Google has two methods of recognizing irrelevant sites to optimize a users search results. The two methods are automatic and manual actions. The automatic method is driven by an advanced algorithm that can identify potentially spammy or poorly developed sites. The manual method is just that, a real person manually reviewing content to determine if it is useful to internet users. If the site is found to be not useful or outside of Google’s webmaster quality guidelines, it may be penalized giving the site a lower PageRank.
Recently Google’s Senior Webmaster Trend Analyst, John Mueller, offered greater insight into the two different types of manual actions and understanding how to recover from the penalties. It is important to follow Google’s webmaster quality guidelines to ensure that you will receive a healthy PageRank which will maximize the visibility of your site within search.
Google’s Two Types of Manual Action Penalties
There are two types of manual actions, one more severe than the other.
Complete removal of the site from search and indexing
Partial removal from search
The first of the penalties is the harshest. If Google sees little value in investing resources to index content from a website, it will result in complete removal from the search results and indexing. This can happen because the site contains scraped or spun content, or is completely duplicative of another website. This kind of penalty results in a situation where the site does not exist at all for Google and nothing from that site will appear in search results.
The second is less severe and slightly easier to recover from as you are not completely kicked off of Google, however, you have no visibility through PageRank. In order to regain visibility, the site must edit or rewrite content before Google re-crawls the pages to ensure the issues have been resolved. After the page has been re-processed Google will continue to rank the page normally.
Regaining status after a manual penalty is not impossible but it can be extremely difficult. Both will have an effect on overall page rank and will require action taken by the webmaster to regain trust with Google. However, by understanding how Google filters and penalizes content we can avoid making mistakes that can lead to devastating penalties.
The European Union has refined its data storage regulations, pushing for stronger consumer-oriented regulations focused on protecting online users privacy rights. The latest set of regulations, General Data Protection Regulation (GDPR), is set to come into effect on May 25, 2018. The regulation is based on the fundamental idea that every citizen of the EU has a set of rights when referring to data collection. By creating more robust data collection and storage laws, the EU is better safeguarding the privacy of online users.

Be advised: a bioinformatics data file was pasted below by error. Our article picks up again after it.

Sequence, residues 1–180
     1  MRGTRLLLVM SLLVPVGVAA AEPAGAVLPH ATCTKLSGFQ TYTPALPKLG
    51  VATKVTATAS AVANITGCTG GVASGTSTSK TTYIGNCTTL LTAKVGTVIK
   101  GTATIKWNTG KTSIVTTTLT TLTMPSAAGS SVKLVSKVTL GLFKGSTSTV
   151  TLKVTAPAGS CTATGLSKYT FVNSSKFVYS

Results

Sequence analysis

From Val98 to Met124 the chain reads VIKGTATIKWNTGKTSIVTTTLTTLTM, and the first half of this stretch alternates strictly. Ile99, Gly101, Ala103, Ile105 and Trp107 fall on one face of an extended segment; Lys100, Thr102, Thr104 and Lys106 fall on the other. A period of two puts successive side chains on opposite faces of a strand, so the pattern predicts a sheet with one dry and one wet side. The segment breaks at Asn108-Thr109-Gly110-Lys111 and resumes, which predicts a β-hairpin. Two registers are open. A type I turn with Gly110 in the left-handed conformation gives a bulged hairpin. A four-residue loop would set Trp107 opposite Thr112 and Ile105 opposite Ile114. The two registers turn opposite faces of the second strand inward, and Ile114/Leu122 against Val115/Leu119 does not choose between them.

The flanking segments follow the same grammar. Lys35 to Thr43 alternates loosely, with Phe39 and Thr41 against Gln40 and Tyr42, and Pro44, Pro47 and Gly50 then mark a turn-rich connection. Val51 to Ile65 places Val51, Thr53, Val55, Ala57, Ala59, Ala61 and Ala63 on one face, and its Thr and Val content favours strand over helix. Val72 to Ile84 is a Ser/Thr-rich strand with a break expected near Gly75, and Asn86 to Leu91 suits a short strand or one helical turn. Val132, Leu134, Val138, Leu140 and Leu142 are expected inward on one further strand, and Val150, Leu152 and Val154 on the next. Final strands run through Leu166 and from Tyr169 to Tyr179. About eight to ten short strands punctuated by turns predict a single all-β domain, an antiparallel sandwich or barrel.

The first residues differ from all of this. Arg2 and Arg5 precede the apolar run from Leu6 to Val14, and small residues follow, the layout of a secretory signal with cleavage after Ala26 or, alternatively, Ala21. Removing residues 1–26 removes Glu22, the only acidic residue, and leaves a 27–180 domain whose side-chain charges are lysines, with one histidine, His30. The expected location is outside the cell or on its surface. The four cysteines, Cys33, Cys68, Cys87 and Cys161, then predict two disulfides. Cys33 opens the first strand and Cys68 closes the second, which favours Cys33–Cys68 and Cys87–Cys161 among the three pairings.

The information that is not to be collected under the new GDPR includes all information that has the potential to be uniquely identifying. This includes a user’s IP address, email address, home address, date of birth, financial information, transaction histories, and medical records. This new legislation also protects any user-generated data such as social media posts and personal images uploaded online.
Google’s Implemented Data Retention Policy
Being a data controller, Google is responsible for handling personal information. If you are using a Google product to track the on-site action of users in order to serve personalized advertisements, you must now acquire user consent prior to taking action. Google has implemented a new tiered setting called Data Retention. This setting allows a specific retention period to be selected. User and Event Data will expire after 26 months but some may play it safe by easily adjusting the setting to retain the data for a longer period or set to never automatically expire. In addition, Google is launching a new tool that can help erase a specific users information upon request.
The GDPR protects all personal user data across every conceivable online platform. Effecting any company that is to market to people in the EU, or do business directly. Users must express permission before any company can process or store their data through a clear and easily understood opt-in process. Currently, the majority of advertisers are not using methods that would be affected by the new regulations but will need to continue to monitor the use and storage of this data.
What Does Google’s GDPR Policy Mean for U.S. Small Businesses?
So far, this policy update looks like it will have minimal impact on businesses operating outside of the European Union. For clients doing business solely in the U.S., we’re currently recommending they set their Google Analytics event data to be retained indefinitely. However, each business is unique and should take time to educate themselves on the implications of the new regulation.